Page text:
Macau's answer to the Las Vegas Strip enters a new phaseTuesday, 15 June 2010
When will Cotai, the wannabe extension to Macau's traditional downtown gaming industry, really come of age? The moment could be as significant in Macau history as when the centre of gravity in Las Vegas entertainment shifted from the Downtown area to the Las Vegas Strip.
Both the Cotai Strip and the Las Vegas Strip are essentially inventions of the human imagination rather than 'real' places. The latter was built out of desert not already conquered by Las Vegas' creeping urban sprawl. The former was literally dredged from the waters of the Pearl River Delta—not so much terra incognita as terra ad absurdum. Both places set out to challenge the status quo of the existing traditional gaming zones in the world's two most famous gambling cities because they have the space for the industry to grow outward not just upward. They have already provided integrated resorts—one stop shops for legal adult entertainment—everything you could ever need; from gambling, hotel accommodation, restaurants, shopping, theatres, nightclubs and sports events, all under a single roof. And there's a lot more to come—especially on Cotai.
In late May, Sands China, the local unit of Las Vegas Sands Corp, announced a deal for a 30,000 square foot Playboy Mansion Macao as part of the company's next phase of development on Cotai. That next phase, known as Parcels Five and Six, or 'Cotai Five and Six' is currently scheduled to have a first phase opening in the third quarter of 2011, says Sands China.
As to whether Cotai as a whole could currently be called a 'mature' tourism destination depends on how we define the term. One could argue that Macau itself isn't yet a 'mature' gaming market, given that around 75% of its entire revenues are dependent on high roller baccarat. Last year the casinos on the predominantly massmarket Cotai Strip—The Venetian Macao, The Four Seasons and City of Dreams, the resort from the joint venture Melco Crown Entertainment (Nasdaq: MPEL), between them recorded gaming revenues of US$2.46 billion. That's only 16.5% of the US$14.9 billion gross gaming revenues recorded by Macau as a whole in 2009. (CoD only opened in June that year.)
Given the VIP-skewed nature of Macau's gaming market, a more reliable indicator of the business health of Cotai may be the numbers of people arriving from mainland China via the Lotus Bridge, just a few hundred yards from The Venetian, and via the Pac On Ferry Terminal at neighbouring Taipa. In the first four months of 2010, arrivals to the Taipa ferry terminal rose 24.9% to 1,107,183, according to DSEC, the territory's Statistics and Census Service. By contrast, arrivals by ferry to the Outer Harbour next door to Casino Oceanus on Macau peninsula rose by only 4.6% during the period to 2,160,671.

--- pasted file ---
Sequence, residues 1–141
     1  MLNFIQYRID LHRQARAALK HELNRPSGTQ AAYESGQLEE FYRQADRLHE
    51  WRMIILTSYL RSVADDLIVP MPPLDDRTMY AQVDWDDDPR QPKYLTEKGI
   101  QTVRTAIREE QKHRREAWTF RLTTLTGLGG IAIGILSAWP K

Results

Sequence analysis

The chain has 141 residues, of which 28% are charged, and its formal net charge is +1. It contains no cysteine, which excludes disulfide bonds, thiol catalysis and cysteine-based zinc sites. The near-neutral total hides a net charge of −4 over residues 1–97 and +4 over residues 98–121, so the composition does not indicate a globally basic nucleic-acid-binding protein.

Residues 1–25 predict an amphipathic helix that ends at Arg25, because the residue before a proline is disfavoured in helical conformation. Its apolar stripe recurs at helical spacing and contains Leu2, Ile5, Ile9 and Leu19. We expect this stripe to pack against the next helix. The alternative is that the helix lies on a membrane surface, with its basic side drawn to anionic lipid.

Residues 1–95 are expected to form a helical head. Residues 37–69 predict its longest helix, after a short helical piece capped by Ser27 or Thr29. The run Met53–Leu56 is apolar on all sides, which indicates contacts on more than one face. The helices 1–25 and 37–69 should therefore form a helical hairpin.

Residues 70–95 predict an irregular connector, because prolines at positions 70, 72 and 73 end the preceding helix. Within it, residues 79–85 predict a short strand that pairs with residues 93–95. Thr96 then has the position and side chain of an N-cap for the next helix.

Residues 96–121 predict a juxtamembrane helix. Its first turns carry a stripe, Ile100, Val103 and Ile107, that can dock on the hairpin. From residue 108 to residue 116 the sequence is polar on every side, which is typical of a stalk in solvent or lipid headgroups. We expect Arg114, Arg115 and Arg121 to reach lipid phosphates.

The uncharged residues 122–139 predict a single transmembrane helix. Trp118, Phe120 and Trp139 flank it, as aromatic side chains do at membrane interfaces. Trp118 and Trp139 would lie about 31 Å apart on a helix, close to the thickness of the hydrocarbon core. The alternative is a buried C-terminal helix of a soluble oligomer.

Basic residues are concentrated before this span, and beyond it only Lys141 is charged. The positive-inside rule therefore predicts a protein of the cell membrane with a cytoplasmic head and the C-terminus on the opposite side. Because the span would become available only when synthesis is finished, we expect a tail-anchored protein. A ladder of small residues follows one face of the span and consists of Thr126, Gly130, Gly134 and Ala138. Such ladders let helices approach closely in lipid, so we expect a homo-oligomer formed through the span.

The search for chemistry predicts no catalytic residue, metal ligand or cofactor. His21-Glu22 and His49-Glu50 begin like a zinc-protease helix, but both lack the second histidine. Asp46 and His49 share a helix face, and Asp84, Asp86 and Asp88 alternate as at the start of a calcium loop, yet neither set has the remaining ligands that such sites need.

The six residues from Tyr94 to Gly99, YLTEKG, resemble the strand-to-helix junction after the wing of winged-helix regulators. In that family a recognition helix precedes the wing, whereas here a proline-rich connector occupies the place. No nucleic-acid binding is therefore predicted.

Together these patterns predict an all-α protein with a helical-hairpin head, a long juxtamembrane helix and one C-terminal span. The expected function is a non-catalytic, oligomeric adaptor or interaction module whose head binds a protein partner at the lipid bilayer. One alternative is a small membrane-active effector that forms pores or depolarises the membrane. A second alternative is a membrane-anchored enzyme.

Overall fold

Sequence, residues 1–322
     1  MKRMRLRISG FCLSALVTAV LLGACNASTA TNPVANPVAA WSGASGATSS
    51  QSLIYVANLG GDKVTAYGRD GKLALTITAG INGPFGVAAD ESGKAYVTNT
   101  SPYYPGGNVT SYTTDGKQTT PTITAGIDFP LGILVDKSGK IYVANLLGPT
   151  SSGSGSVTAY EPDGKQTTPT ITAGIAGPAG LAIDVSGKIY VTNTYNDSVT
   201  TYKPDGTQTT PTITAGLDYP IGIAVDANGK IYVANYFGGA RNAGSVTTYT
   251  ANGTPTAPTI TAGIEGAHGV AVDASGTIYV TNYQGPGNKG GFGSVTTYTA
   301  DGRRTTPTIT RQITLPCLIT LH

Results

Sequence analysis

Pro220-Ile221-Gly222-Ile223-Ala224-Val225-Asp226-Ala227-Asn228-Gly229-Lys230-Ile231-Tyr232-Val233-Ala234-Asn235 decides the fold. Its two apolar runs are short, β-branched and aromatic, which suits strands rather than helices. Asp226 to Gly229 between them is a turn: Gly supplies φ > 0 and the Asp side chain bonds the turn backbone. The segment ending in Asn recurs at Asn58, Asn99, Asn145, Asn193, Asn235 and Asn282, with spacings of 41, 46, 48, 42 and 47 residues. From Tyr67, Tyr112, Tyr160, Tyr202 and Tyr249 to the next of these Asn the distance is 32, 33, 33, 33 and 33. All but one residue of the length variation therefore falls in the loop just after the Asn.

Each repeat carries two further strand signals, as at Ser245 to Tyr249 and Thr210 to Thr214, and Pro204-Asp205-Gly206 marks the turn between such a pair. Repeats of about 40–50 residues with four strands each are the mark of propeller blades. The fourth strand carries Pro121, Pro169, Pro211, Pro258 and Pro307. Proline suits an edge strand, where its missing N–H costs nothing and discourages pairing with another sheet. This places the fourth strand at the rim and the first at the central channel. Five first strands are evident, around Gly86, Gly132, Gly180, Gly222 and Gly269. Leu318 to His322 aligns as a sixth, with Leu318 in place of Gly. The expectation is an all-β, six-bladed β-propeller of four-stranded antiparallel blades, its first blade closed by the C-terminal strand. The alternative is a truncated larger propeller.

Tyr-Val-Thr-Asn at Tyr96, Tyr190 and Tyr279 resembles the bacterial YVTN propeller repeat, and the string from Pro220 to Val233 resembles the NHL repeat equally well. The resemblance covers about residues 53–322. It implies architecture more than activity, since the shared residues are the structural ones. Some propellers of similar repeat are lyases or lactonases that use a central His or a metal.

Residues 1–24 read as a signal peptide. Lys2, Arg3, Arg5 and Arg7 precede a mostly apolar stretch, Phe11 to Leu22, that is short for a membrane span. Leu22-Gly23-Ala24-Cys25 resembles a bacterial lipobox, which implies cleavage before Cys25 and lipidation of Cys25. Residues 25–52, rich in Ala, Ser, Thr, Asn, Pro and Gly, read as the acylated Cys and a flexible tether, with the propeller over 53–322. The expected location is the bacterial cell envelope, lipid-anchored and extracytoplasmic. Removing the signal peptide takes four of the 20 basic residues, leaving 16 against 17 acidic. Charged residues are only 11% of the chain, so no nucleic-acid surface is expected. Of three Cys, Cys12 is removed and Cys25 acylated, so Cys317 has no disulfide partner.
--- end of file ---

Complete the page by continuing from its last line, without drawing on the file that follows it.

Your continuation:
Visitor arrivals by land (including the Border Gate on Macau peninsula as well as the Lotus Bridge) increased by 13.9% year-on-year to 4,261,467 in the first four months of 2010.
In appearance, Cotai still has a raw, unfinished look—rather like those vintage photographs of Hollywood from the early 1920s. Cotai doesn't yet have the 'stickability' of the Las Vegas Strip in terms of offering a place for people to stroll and take in the sights and the lights. That's what Dr Ambrose So, the Chief Executive of Stanley Ho's casino operating company SJM, meant earlier this year when he told Inside Asian Gaming that Cotai doesn't yet have "critical mass".
SJM has been adopting a 'wait and see' approach to Cotai. It doesn't currently have any land gazetted for casino use there, but there is a piece of land on Cotai that if developed will depend on a gaming sub licence purchased from SJM. That's the MGM site to the east of the Strip behind Sands China's plots five and six.
SJM itself was supposed to have had land on Cotai at a rock bottom price following a land swap deal in 2006. In the deal, the Macau government indicated it would allow Shun Tak Holdings—a shipping and property conglomerate providing most of the ferry services from Hong Kong to Macau that Pansy Ho leads as Managing Director and Dr Ho chairs—to exchange a 1.1 million square feet piece of land it acquired in Taipa in 2002 for a plot on Cotai by paying HK$500 million. Following the arrest, trial and imprisonment for corruption of Ao Man-long, a former Macau secretary for transport and public works, land swap deals went out of fashion in Macau, and public tender for land sales at going market rates became all the rage. SJM was pretty vague in its IPO prospectus in 2008 regarding its plans for Cotai, referring only to "preliminary plans for two mixed—use developments".